The rare Powassan virus is transmitted through ticks, which thrive in moist weather.

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Doctors Raise Awareness About Rare Powassan Virus In New England

May 11, 2017

A rare and deadly tick-borne virus might be on the rise in New England.

Dr. Jennifer Lyons, the director of the Division of Neurological Infections and Inflammatory Diseases at Brigham and Women’s Hospital, says doctors have seen an increase in cases of the Powassan virus over the past couple of years – from zero cases to one, two or three in a year.

The Center for Disease Control and Prevention reports there have been 75 cases of the Powassan Virus in the United States in the past ten years, mostly in the Northeast and Great Lakes region. About 10 percent of Powassan cases are fatal. A woman in Maine died from Powassan in December of 2013.

Lyme disease has treatments, it has good treatments, and [for] Powassan we have no known effective treatments.

Dr. Jennifer Lyons, Brigham and Women's Hospital

The rare virus is transmitted through ticks, which thrive in moist weather.

“With the possibility of there being a severe tick season during this summer … [we] want everyone to be aware that this virus is out there and that it's something that's not to be trifled with,” Lyons tells WGBH News' Morning Edition host Bob Seay in an interview.

Dr. Jennifer Lyons is the director of the Division of Neurological Infections and Inflammatory Diseases at Brigham and Women’s Hospital.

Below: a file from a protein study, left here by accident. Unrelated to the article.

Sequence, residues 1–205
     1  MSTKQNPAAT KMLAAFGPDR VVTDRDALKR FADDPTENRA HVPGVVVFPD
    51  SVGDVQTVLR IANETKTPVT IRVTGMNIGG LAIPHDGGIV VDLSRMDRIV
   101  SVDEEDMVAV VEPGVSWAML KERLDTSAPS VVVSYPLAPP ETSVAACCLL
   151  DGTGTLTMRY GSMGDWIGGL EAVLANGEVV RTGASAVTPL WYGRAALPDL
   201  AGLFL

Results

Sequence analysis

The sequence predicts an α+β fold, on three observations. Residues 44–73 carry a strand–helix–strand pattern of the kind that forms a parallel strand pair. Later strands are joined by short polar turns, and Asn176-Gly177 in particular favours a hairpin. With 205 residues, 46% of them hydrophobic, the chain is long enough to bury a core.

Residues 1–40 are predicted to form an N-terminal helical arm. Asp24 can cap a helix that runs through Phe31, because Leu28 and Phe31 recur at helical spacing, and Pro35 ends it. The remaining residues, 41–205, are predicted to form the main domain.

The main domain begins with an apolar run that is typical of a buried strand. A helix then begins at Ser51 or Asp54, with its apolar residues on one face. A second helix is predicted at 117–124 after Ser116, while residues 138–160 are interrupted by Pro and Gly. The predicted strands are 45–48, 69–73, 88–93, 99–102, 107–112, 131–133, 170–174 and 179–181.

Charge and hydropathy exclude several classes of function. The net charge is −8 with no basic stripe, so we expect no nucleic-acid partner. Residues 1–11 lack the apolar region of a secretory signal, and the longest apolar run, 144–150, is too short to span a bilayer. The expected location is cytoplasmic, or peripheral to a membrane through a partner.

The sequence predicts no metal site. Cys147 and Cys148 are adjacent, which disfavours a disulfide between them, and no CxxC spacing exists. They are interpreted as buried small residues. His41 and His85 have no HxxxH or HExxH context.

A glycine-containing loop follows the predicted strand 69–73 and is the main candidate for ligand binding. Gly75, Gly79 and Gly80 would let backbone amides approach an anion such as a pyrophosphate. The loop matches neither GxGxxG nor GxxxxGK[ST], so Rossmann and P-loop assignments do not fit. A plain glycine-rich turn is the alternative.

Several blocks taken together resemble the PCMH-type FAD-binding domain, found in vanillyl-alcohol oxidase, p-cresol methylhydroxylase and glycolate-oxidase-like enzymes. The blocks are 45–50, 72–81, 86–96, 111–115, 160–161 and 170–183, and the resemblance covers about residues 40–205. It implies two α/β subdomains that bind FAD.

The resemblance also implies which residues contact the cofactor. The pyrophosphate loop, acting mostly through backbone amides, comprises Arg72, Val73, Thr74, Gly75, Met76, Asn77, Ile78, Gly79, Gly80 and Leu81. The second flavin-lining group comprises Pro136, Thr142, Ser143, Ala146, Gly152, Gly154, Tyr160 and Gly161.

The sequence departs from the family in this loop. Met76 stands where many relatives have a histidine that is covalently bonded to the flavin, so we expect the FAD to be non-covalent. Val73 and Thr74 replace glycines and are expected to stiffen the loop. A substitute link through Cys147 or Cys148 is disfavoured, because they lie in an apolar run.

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Photo Credit: Anna Mazarakis

Powassan is an encephalitis virus, which means that it infects the brain. Lyons says Powassan affects the parts of the brain that mediate consciousness, movement and abilities to breathe and maintain heart rate, among other issues.

“If and when somebody develops symptoms from an infection with Powassan virus, it is absolutely life threatening,” according to Lyons.

Unlike Lyme disease, a tick-borne virus that has treatments available, there is no known effective treatment for Powassan.

“Once somebody has an infection with Powassan, the only way to get rid of it is to get rid of it on your own,” she said. “Your own immune system basically has to eradicate the virus.”

Powassan virus symptoms can be non-specific at first and include fever, headache, muscle aches and pains, and maybe a rash. The virus will then exhibit symptoms of brain infection, which may include seizures, loss of consciousness, and inability to maintain the basic functions of life.

Lyons says the main way to avoid the rare virus is to avoid tick bites, which can be difficult given the presence of ticks in New England. The CDC recommends covering all exposed skin and conducting self-exams after time outside. Given the quick transmission of Powassan, a tick should be removed as quickly as possible to avoid the spread of disease.

“The word is beware, especially beware of ticks,” said Seay.

To listen to the entire interview between Bob Seay and Dr. Jennifer Lyons, click the audio player above.


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